He graduated as an aviator on Aug. 29, 1967, was appointed a warrant officer, and shipped off to Vietnam.
Upon arrival at Bien Hoa, Hamilton participated in 53 straight days of combat assaults, piloting one of 10 Huey “slicks,” or transport ships. The slicks, escorted by a handful of gunships, inserted troops in jungles, paddy fields or woods.
Sometimes Hamilton and his fellow pilots had to make multiple trips per mission, bringing in reinforcements. Other times, they medevacked the wounded.
During these and subsequent missions, “getting shot at was not unusual,” Hamilton said. “There were plenty of holes in my (helicopter) that just missed me.”
He recalled one landing zone where the Viet Cong greeted them with the .51-caliber guns known as “copter killers.”
The rounds, with intermittent tracers, “looked like basketballs coming at us,” he said. “We were flying right into it.” One round whizzed past on his left; a few moments later another whizzed by on his right. “Then I wondered where the middle ones had gone.”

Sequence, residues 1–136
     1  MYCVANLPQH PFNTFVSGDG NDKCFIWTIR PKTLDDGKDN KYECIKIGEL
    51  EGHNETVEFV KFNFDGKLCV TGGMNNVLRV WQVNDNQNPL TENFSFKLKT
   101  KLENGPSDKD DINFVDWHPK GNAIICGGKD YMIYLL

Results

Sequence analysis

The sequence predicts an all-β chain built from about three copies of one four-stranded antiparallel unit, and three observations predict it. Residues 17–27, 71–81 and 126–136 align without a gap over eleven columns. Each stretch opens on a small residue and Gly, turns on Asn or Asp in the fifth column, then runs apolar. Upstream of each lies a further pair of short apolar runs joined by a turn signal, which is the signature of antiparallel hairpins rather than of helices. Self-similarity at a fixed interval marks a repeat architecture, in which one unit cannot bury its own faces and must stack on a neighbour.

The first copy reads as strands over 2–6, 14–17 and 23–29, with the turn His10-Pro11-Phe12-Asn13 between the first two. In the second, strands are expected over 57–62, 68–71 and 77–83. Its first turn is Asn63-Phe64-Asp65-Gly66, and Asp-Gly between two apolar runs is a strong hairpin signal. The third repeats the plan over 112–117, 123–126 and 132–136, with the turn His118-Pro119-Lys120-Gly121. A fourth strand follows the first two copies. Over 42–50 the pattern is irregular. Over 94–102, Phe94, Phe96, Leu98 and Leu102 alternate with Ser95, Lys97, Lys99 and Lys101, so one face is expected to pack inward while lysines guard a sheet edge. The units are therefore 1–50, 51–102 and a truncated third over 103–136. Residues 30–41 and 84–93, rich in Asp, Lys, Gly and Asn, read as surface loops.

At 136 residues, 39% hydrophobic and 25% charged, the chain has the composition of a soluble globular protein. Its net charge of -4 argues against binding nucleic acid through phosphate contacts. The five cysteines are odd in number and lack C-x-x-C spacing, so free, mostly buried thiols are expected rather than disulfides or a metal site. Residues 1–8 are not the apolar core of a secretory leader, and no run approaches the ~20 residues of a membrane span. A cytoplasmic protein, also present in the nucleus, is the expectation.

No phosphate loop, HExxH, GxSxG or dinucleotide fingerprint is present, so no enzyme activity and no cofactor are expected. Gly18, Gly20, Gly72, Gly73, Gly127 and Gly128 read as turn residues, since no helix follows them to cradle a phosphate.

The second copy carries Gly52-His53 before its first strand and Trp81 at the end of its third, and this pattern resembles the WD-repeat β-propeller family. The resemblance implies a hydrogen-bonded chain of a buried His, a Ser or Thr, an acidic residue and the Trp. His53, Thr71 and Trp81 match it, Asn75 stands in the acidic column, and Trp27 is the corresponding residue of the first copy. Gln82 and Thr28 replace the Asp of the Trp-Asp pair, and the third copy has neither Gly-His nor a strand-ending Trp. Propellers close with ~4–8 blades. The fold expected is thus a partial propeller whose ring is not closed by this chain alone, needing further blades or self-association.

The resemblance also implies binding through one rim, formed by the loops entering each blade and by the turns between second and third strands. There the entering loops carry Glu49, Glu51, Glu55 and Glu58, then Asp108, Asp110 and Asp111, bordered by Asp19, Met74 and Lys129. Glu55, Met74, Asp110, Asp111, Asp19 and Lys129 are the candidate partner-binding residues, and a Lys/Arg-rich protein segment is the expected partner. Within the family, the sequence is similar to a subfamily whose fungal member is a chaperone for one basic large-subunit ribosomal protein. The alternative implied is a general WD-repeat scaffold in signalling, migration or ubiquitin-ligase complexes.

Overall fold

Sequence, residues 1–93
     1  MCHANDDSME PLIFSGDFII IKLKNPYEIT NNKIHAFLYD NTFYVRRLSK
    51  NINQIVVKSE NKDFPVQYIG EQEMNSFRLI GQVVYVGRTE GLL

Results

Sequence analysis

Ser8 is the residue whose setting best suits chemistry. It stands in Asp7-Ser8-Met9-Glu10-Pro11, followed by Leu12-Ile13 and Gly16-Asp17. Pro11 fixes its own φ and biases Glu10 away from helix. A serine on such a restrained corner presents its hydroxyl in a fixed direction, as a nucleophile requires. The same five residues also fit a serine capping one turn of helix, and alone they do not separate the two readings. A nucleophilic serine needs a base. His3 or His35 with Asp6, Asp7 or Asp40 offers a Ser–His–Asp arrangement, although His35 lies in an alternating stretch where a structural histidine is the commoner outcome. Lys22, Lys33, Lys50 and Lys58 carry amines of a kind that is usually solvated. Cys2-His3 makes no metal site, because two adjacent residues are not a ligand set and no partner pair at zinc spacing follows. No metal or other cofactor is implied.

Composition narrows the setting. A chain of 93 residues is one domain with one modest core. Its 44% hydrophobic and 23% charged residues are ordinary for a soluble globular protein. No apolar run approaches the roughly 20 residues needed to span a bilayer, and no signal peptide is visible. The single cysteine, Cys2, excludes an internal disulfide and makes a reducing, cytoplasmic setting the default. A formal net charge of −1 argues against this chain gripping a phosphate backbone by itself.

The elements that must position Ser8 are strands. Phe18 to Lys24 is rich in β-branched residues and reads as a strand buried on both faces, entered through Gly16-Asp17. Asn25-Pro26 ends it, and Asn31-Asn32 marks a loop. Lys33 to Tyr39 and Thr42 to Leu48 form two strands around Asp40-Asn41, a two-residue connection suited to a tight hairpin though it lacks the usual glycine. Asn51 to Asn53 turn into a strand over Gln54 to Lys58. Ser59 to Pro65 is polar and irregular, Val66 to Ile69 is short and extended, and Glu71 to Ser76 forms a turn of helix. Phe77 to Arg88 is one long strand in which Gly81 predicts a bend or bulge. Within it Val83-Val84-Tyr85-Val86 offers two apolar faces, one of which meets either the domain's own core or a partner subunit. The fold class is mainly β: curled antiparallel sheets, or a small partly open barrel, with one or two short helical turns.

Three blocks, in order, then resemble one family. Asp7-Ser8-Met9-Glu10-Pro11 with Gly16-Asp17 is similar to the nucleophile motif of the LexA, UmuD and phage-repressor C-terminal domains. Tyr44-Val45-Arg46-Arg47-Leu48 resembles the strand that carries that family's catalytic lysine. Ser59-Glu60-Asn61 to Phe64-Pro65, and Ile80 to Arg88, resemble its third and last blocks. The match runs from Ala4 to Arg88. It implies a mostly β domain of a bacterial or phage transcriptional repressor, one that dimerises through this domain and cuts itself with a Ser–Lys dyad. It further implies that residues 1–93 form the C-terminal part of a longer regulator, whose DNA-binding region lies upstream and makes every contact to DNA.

On another mission Hamilton took off from nearby Tan Son Nhut Air Base, intending to transport a Long Range Patrol (LRP) unit, when he took fire from the ground. Despite the damage to his throttle linkage and the ship’s electrical system, he was able to steer clear of their attackers and get back to base safely.
These and other moments impressed upon Hamilton a sense of the randomness of battle.
“Troops got shot right behind me, right behind my seat,” he said. “A foot or less to the left and it would’ve been me.”
Some of his fellow pilots, crew chiefs and gunners were also taken too soon.
“A lot of my friends in the company and a lot of my flight school friends are on that wall in Washington,” Hamilton said, referring to the Vietnam Veterans Memorial that lists the 58,000 Americans killed in the Southeast Asia conflict.
One was fellow pilot Paul Hill.
After saying his name, Hamilton sat silent for a moment, looking away, his light blue COVID mask partially obscuring an expression of sorrow.